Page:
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Thanks Roland. The comment about the base plate getting in the way of other jacks and tools, now sways me. I've also heard that some of the units have one swith releases for the automatic safety locks, but you have to have an overhead style for that. So, that sounds like two reasons to go with the overhead, and the fact that it can get in the way is a very good point that I have ignored. does anyone have any real criticisms of the way any of these are made?
I hav the low ceiling one as NO CHOICE, it lifts total of 6' 7"" thats from floor to bottom of vechile, \And it has the dual lock set up 2, works?controls on one side , and locks and unlocks both side . The shop has 11' 9 ceilings. so no choice
Ive had it since spring, I do monthly maintance on it, and the base plate not a issue, I hav a tranny jack that has the wide stance , so it straddles the base plate
If I had the room , I would of went with the full ceiling lift, but :)
thats the way it goes, Like mention this works excellent for me, If I was makn $$ off it, I would go BENPAK, but really trust this one, As its my head under there.this one is really HEAVY DUTY IN STRUCTURE AND PERFORMANCE
 

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I also have a Bend Pak lift and have no regrets with it. I bought a 10,000lb Asymmetrical lift with the wide frame option for more clearance when opening doors. At the time I bought it 10 years ago I bought it for about the same price as an imported lift and the distributor was offering free shipping to a business address. The lift is very well made I do not think you can go wrong with one. Another reason I bought it was finding repair parts if they are ever needed. Hope this helps. Try this link. They offer free shipping
.http://www.asedeals.com/lifts2.html?gclid=CMXIycfi7KQCFQ_W5wod12hL2A

Tom
 

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I work in an automotive repair shop, and use Mohawk lifts. They are pricier than most lifts on the market, but they are built solid, and I have not had any problems with them.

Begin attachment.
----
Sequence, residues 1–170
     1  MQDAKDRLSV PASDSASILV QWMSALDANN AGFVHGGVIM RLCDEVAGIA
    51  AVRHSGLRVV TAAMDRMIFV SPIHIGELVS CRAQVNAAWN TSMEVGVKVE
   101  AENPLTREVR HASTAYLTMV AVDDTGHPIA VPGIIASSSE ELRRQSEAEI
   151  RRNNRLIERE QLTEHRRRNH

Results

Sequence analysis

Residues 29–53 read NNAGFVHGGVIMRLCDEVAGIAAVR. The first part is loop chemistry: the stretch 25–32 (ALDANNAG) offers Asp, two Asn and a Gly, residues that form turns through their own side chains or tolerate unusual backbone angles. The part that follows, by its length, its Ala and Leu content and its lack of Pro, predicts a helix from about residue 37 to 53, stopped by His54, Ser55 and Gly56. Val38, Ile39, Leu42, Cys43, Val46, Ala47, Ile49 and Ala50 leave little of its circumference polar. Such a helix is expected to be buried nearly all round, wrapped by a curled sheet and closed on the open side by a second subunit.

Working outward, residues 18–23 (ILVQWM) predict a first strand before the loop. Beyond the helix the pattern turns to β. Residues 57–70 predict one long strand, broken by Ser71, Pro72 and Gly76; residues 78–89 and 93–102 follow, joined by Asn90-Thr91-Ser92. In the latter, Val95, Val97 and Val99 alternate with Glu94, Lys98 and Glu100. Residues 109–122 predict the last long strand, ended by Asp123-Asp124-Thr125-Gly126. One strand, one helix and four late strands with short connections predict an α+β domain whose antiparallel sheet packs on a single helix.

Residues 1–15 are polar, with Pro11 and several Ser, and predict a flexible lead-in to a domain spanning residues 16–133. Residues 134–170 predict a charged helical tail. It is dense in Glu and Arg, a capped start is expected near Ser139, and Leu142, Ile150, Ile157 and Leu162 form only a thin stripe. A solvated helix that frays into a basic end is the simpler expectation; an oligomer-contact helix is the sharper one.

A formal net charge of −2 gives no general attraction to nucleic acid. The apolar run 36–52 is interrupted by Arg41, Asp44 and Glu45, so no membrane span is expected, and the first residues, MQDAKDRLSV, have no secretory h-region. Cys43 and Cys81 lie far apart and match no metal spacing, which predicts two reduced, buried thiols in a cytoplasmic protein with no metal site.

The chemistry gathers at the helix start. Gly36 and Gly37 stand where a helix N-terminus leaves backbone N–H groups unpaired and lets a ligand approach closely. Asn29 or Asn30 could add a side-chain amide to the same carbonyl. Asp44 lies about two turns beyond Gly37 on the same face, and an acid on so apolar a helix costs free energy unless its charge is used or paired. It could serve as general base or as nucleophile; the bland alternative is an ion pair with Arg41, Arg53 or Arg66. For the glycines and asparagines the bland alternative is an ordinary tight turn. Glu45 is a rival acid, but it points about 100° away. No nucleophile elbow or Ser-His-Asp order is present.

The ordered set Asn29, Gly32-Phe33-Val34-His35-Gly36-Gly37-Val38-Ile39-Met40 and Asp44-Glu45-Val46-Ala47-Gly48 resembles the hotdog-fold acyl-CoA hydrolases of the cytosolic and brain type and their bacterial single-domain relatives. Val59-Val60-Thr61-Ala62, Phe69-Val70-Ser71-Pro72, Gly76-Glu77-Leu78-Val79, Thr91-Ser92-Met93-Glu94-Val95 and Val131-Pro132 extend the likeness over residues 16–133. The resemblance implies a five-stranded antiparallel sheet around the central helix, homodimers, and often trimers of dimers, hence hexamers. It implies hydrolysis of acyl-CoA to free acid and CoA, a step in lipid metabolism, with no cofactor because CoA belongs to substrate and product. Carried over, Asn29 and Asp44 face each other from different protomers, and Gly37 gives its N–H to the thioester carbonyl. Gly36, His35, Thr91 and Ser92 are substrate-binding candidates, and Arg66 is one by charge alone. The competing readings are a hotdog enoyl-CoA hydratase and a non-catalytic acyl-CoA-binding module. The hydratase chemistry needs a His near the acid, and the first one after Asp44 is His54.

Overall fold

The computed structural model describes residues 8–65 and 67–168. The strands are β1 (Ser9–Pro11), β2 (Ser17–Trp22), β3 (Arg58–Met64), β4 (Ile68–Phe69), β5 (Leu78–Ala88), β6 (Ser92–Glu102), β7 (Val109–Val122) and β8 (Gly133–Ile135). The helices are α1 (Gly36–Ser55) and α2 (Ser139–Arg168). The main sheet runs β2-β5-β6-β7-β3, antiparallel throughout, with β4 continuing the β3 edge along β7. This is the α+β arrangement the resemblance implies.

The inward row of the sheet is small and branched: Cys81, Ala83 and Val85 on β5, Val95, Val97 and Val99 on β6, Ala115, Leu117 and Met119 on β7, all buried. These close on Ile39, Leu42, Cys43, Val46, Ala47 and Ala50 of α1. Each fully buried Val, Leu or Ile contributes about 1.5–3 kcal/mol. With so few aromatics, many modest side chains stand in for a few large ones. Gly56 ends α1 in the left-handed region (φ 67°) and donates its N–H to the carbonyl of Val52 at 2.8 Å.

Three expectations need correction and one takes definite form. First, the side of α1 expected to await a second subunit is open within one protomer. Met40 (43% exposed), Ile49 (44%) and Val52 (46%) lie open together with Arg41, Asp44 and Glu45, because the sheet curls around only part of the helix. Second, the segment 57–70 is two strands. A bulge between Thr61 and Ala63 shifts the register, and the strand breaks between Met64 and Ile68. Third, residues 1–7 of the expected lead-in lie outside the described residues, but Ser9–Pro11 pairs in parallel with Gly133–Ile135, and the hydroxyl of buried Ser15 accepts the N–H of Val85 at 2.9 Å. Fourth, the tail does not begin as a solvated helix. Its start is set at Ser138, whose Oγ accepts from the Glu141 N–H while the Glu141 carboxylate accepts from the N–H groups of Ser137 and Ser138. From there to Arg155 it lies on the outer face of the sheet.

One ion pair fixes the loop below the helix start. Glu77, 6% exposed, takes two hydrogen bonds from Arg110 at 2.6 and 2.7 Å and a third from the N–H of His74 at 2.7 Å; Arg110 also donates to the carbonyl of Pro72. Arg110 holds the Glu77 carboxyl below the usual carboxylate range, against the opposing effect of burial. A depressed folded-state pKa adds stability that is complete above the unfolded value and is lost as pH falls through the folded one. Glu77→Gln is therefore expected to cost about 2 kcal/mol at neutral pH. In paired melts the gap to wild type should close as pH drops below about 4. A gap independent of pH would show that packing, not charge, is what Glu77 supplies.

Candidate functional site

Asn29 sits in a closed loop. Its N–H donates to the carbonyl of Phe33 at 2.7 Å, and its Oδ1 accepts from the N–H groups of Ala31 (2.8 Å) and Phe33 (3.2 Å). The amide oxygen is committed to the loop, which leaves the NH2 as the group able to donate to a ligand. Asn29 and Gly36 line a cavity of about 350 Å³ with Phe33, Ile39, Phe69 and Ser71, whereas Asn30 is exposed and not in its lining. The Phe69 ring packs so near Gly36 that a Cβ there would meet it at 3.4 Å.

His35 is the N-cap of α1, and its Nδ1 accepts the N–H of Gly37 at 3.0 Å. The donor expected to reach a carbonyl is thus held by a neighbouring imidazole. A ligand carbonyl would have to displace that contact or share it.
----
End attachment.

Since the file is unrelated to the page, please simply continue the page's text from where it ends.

Plus, they can be used in lower ceiling height application, just have to shorten the hydraulic lines when the lift is installed.

Just my .02, HTH

Matt
 

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rotary

Rotary lifts are one of the oldest companys (even made ingrounds way back when) Their two post assymetrical with overhead brace and cable system makes any job underneath a breeze including trannys. Don't let the thickness of steel be confused with the grade of steel used to build the lift. Also regardless of lift you choose think about pouring thicker to total 5" in 4' by 9' where lift is going, also pots in the floor come in handy for many things and are easy cheap install when pouring slab. I would use my rotary like a frame machine with that setup to straighten anything. Also lift any 1 ton loaded work trucks. I have had other lifts for home garages all probably good for price but the Rotary was by far the best least maintinance to keep up, Four years of daily use and abuse building wrecks, trannys, not once did the Rotary need a drop of fluid and not once did the Rotary need cable ajustments after first install in shop. The cheaper lifts I had sometimes would need fluid and cable adjustments, again I use and abuse all lifts doing jobs the lifts were not designed for like tying a car down to pots and useing 1 of the four legs of the lift to pull a frame horn also lifting way over load recommendations to keep from having to unload 1 ton service trucks. "Any lift is better than heartburn"